I’m Bill Keitel. A Leather Smith by trade. As I progress in age, I find I can perhaps look forward to some sort of retirement. I don’t really know what that might look like, but it allows me to ponder my future.
I started out being born 100 years too late. I continue to honor and appreciate all of the trades and acknowledge that they built the civilization that we know today.
I started my career apprenticing as a shoe repairman and specialized in various prescription-orthopedic buildup work for a podiatry school. I have been a leather smith my whole life. Those around me are computer specialists, web developers, and no one is an elevator operator.
Most of my friends and customers recognize me as someone who sells them something. They think I am a salesman, and perhaps I am. It is not my whole life, because to sell them something I have to create something.
Primarily, I have spent my life as a leather smith. I was born into this curious world amazed at all around me. My profession should have been as an anthropologist, archaeologist, sociologist — something in those “ology” veins.
Today I continue to go to my place of employment and do various sorts of leather smithing. I sort hides. I grade hides. I read hides. I know the history of the buffalo by looking at the results of a tanning process I dictate. The final statement of his life is in my hands.
I look at a recent tannery run produced specifically for me, consisting of perhaps 400 hides. I can tell they have come from different ranches throughout the West and Midwest. I can tell most were free-ranging, and some were feeder lot-raised. I can tell which ones came from Canada (about 5 percent). I can tell which ones came from the largest state park in the U.S. The hide also reveals which animals were breeding females, by the stretch marks that appear toward the belly.
Daily, I decide the appropriate way to create product from this material. I can take the shortcut to create better yield, or I can use the tried-and-true method of creating quality and value to myself and my customer. I always reflect on an old adage: “The disappointment of poor quality lasts longer after the cheapness of the low price is forgotten”.
At work, I look at my tools and realize some are brand new and some are 100 to 150 years old. I use them all daily, sometimes without a second thought. They serve their purpose, as they always have
Leather smiths, I suspect we are a select group of craftsmen. We might make shoes or harnesses, or buggy whips! We work with our hands as we intently read the hide. We sell our products at art festivals, so we resign ourselves to the public scrutiny. Are we fine craft? We are certainly not fine art — are we craft? I feel comfortable with the “Artisan” category, craft that has served the ages.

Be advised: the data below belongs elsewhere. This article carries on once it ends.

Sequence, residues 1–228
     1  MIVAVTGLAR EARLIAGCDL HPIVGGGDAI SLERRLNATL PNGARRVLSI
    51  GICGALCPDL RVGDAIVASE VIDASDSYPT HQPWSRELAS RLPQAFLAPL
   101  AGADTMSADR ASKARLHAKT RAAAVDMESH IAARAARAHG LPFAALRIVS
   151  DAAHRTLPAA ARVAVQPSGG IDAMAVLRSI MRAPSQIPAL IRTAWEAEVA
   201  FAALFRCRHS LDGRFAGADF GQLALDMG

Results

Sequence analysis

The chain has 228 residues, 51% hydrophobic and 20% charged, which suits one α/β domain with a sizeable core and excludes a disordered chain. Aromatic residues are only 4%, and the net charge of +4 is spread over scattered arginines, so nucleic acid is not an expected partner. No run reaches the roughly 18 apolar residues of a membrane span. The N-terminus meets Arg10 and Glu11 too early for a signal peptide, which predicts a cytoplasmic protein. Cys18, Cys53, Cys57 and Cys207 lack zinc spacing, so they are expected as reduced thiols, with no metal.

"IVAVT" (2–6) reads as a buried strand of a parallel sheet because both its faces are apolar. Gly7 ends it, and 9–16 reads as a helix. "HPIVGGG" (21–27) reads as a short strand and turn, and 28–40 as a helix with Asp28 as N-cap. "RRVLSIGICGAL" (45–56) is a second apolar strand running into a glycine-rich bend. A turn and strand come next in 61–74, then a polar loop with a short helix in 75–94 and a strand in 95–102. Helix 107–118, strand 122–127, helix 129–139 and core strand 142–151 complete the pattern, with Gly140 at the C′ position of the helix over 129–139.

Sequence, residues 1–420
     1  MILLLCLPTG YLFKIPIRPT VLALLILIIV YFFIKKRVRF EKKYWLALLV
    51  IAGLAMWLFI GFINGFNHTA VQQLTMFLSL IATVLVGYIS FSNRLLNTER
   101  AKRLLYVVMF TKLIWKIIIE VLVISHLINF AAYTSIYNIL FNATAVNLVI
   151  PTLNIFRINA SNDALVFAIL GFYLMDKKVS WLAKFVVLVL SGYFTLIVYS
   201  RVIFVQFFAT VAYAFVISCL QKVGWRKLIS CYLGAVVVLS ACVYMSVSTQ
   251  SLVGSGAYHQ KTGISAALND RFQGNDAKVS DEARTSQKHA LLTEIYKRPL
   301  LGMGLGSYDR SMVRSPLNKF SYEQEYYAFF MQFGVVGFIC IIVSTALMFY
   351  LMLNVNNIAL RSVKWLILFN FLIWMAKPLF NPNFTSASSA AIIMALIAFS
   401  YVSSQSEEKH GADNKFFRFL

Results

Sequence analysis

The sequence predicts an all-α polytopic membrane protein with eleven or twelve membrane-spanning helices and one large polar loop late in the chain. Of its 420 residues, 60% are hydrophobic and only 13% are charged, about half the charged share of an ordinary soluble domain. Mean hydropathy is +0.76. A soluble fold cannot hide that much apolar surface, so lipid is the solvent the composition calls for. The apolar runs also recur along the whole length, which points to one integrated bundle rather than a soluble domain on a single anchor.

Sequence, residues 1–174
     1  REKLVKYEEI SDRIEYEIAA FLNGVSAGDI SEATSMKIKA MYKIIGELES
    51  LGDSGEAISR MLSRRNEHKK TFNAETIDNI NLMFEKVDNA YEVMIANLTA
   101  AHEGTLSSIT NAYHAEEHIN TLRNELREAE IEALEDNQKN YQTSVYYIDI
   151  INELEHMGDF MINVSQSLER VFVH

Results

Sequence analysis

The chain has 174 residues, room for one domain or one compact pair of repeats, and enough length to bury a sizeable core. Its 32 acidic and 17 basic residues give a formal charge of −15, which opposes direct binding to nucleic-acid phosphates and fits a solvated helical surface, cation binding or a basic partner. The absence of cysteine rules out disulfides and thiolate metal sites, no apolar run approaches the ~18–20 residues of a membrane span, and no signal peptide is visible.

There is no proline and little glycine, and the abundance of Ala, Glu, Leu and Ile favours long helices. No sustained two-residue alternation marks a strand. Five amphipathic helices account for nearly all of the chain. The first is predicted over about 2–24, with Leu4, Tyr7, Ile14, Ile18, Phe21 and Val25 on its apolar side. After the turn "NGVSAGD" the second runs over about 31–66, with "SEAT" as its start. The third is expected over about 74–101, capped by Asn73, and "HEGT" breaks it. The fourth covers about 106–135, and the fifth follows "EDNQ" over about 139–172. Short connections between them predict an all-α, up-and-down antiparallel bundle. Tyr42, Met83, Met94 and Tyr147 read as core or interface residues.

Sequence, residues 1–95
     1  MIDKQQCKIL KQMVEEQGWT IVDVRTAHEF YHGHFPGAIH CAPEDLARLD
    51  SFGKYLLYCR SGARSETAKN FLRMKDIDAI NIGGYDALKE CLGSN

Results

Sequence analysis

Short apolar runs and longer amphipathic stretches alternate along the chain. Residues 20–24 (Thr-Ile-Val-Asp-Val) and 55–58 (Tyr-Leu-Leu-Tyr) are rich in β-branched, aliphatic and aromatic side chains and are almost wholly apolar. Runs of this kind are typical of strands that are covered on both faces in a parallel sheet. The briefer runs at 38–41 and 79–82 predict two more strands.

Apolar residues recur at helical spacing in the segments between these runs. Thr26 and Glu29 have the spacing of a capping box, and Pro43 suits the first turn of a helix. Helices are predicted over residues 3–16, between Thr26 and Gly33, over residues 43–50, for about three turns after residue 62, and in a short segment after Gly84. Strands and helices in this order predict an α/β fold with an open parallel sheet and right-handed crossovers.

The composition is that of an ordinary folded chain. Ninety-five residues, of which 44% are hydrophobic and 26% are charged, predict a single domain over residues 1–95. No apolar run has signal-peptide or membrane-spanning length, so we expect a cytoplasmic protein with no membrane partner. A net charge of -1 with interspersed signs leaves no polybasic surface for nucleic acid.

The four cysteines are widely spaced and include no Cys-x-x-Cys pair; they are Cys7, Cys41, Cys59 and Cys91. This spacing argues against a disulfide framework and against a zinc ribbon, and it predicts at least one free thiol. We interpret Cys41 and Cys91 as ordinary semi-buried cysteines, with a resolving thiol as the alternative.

I delight when our tanning process is complete, six weeks in the making. When the shipment arrives, hundreds of hides are inspected. Each hide is expensive, each hide tells a story. We tan the buffalo leather with a “naked” finish. It is a tanning process that costs more than other types of tanning. It also reduces the yield of a hide, because this process reveals, rather than hides, natural markings on the hide. I am keenly familiar with peoples disappointment when products fall apart prematurely. You will find our Buffalo Leather Wallets and Billfolds will last two or three times longer than a fashion store variety.
As we unpack the hides, we encounter brands, barbwire scars, suture marks from a buffalo that has been “horned in.” It is apparent which animals were raised in wide open spaces and which ones were raised in feeder lots. The leather is all of the highest quality; grades A, B and C indicate which ones have more scars. Our tannery run includes some of each, and that is what sorting is all about.
I am not the first one to work and sort hides for a living. This has been done for the past 10,000 years on this continent. I have the good fortune of doing it in a more refined setting that includes air conditioning, German and Italian die-cutting machinery.
Over the decades I have fed and clothed my family by this profession. I have sent my children, and others, to college. All this by an ancient craft.
As I scan the tools at my workbench, I realize I have amassed many — far more than I could afford to buy at one time. I am interested in history, and I spy a couple of tools that I have used for decades. One is made of bone, and the other of antler. One is a “folder,” and the other is a creaser that when pressed onto the leather scribes a line. I bought them with a larger group of assorted antique leather working tools 40 years ago.
These bone and antler tools stand out because they are not the 100-year-old variety of tools that reside in my collection of working tools. These tools date to the pre-production era. They were made when bones and antlers were more available than iron and steel. They are still used weekly, and they hold a place of importance and reverence in my daily routine.
Amassed over a 45-year career, the tools tell my profession, they tell my trade, they tell my story.
The story of a 1870’s leather smith is alive 147 years later and continues with gratitude to all of those who have appreciated this curious lifestyle.